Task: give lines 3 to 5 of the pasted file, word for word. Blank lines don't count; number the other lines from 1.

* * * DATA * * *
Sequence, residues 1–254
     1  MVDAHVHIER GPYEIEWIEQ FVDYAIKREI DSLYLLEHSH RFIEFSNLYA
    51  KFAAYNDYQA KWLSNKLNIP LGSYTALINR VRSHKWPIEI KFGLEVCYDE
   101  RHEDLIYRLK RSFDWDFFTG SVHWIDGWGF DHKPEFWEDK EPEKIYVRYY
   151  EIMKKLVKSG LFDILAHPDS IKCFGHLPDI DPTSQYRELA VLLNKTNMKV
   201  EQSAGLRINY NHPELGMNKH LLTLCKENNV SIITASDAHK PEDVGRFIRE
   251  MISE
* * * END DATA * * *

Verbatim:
    51  KFAAYNDYQA KWLSNKLNIP LGSYTALINR VRSHKWPIEI KFGLEVCYDE
   101  RHEDLIYRLK RSFDWDFFTG SVHWIDGWGF DHKPEFWEDK EPEKIYVRYY
   151  EIMKKLVKSG LFDILAHPDS IKCFGHLPDI DPTSQYRELA VLLNKTNMKV